The Anthony Walker Foundation is a registered charity established by Anthony’s family after his racially motivated murder in 2005. The Anthony Walker Foundation works to tackle racism, hate crime and discrimination by providing educational opportunities, victim support services and by promoting equity and inclusion for all. The Foundation aims to respond to hate crimes through their victim support services whilst working toward a better future through their educational work. If you have been the victim of a hate crime, you can report it anonymously on their website.
Mary Seacole House was set up to provide support to local, primarily BAMER communities, who are experiencing mental illness. They are based out of Toxteth, however they offer their services to individuals from across Merseyside. Mary Seacole House is a place where people with diverse social and cultural backgrounds can come together in a non-oppressive environment. Staff offer support, advice and guidance in both practical and emotional matters, and the organisation endeavours to address the needs of culturally diverse communities within Merseyside by providing a community based service.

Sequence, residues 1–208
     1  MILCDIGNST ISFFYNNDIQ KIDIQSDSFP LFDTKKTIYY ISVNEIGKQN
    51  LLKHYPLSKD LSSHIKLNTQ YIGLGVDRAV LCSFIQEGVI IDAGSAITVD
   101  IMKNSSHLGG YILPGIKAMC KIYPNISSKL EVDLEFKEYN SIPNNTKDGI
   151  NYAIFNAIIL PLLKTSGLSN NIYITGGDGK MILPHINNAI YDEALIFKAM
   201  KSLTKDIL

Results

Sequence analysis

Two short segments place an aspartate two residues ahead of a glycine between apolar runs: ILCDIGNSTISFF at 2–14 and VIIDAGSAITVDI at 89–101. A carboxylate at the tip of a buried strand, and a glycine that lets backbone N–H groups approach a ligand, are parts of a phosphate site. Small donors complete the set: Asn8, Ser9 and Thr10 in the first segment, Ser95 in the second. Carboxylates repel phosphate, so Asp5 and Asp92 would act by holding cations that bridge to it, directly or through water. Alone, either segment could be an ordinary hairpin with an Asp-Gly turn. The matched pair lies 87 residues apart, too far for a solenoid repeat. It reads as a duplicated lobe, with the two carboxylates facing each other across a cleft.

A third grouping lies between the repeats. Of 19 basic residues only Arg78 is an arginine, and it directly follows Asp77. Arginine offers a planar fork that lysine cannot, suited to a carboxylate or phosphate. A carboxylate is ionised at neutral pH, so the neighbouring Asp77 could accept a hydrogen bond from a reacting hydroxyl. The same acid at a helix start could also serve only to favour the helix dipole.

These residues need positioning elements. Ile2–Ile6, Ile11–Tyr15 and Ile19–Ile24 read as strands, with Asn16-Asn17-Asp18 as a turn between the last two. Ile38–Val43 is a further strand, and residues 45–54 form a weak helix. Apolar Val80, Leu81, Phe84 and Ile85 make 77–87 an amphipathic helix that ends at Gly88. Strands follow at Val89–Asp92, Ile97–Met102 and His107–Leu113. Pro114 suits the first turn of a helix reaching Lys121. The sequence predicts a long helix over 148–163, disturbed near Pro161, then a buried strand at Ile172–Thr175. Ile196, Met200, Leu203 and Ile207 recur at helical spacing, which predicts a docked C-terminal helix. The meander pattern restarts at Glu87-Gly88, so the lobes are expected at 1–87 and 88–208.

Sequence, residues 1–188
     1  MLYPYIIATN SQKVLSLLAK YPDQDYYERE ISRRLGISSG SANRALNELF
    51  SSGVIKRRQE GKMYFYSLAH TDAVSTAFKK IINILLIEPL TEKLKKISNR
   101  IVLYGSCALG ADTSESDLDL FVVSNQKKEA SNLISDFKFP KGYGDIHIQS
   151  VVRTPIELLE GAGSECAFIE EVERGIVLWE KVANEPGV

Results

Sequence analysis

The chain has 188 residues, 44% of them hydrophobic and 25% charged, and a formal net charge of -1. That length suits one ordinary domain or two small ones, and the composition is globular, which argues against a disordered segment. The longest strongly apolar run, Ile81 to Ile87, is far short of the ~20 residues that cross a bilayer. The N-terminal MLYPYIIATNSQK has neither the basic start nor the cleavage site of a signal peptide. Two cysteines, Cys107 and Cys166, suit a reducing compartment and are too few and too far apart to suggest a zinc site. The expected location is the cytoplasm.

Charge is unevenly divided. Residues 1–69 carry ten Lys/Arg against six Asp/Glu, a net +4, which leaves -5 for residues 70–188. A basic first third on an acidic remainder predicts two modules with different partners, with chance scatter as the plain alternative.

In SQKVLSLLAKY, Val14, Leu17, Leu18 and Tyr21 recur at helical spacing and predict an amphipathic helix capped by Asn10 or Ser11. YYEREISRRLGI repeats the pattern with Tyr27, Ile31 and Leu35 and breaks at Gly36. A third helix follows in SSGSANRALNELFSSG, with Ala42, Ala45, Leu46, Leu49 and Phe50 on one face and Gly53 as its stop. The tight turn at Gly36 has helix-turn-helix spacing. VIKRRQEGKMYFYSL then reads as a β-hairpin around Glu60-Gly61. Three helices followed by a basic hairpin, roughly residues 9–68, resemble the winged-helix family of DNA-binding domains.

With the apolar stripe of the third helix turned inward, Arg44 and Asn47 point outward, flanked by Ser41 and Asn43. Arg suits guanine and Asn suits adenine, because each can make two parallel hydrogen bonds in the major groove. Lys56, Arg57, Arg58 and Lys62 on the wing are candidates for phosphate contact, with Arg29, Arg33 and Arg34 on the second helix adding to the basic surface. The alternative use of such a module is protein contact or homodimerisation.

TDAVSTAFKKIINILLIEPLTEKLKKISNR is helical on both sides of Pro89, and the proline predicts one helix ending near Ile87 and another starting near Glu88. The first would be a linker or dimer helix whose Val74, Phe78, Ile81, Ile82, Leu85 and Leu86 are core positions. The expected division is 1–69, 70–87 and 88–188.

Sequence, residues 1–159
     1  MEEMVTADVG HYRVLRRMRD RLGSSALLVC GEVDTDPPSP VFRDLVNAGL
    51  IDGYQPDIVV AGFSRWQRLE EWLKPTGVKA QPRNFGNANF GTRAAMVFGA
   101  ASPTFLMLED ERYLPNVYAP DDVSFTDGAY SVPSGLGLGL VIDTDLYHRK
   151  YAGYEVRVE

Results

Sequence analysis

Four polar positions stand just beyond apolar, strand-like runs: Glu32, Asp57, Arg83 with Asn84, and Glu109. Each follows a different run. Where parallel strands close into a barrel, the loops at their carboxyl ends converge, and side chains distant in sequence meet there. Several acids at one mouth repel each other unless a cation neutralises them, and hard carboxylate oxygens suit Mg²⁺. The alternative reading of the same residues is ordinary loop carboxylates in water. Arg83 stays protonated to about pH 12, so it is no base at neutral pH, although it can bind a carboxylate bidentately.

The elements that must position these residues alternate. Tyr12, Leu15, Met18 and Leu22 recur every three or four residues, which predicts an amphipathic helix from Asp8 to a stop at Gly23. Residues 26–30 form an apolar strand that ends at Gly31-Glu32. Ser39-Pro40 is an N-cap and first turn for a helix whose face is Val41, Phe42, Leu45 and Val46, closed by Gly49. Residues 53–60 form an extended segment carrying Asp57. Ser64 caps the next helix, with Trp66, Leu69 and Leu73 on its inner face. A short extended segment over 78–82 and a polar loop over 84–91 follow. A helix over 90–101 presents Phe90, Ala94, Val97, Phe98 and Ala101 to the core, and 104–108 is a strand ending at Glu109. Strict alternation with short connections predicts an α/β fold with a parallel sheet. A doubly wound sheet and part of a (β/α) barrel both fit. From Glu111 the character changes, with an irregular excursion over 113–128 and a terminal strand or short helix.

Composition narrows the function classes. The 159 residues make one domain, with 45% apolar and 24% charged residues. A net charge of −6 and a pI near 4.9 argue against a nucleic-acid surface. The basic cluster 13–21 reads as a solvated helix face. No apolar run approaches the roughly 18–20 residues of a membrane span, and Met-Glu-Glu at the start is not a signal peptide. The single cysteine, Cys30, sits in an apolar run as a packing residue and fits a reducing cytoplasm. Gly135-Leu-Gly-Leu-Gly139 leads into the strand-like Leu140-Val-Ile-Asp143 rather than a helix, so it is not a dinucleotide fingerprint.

Spark & Co is a Community Interest Company that provides education, information and connection for people in the UK disproportionately affected by the Covid-19 crisis.
Runnymede is the UK's leading independent race equality think tank. They generate intelligence to challenge race inequality in Britain through research, network building, leading debate, and policy engagement.
The Goddess Projects is a local organisation whose mission is to empower, inspire and assist Black women and women of colour to develop and achieve within their communities. You can also follow them on twitter and instagram.